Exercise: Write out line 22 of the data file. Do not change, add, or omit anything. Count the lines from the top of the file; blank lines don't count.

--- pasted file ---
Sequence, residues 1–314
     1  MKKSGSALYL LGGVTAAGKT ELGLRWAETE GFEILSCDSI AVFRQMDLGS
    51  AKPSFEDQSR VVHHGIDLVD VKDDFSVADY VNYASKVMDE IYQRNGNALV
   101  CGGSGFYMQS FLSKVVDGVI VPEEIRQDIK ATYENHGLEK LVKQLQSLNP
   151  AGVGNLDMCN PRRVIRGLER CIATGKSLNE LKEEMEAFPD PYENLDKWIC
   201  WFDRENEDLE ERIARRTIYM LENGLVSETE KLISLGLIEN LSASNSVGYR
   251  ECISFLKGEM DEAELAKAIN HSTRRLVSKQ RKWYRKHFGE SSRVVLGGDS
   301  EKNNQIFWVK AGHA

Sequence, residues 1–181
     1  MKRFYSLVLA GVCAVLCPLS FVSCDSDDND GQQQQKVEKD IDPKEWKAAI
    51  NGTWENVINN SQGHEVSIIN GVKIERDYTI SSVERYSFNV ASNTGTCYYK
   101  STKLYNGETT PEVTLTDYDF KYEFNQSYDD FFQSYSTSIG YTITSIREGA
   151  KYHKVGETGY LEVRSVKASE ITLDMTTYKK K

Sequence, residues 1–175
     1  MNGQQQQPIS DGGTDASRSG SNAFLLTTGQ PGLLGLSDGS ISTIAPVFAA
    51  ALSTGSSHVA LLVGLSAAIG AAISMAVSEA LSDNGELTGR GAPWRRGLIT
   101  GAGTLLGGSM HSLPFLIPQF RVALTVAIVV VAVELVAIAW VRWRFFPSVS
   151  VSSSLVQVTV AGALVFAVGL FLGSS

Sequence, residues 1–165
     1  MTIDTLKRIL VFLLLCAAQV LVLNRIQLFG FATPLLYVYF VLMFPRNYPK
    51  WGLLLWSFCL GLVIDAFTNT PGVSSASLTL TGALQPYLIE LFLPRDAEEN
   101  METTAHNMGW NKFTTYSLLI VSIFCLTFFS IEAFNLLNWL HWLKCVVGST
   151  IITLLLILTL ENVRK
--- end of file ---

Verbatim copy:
   101  METTAHNMGW NKFTTYSLLI VSIFCLTFFS IEAFNLLNWL HWLKCVVGST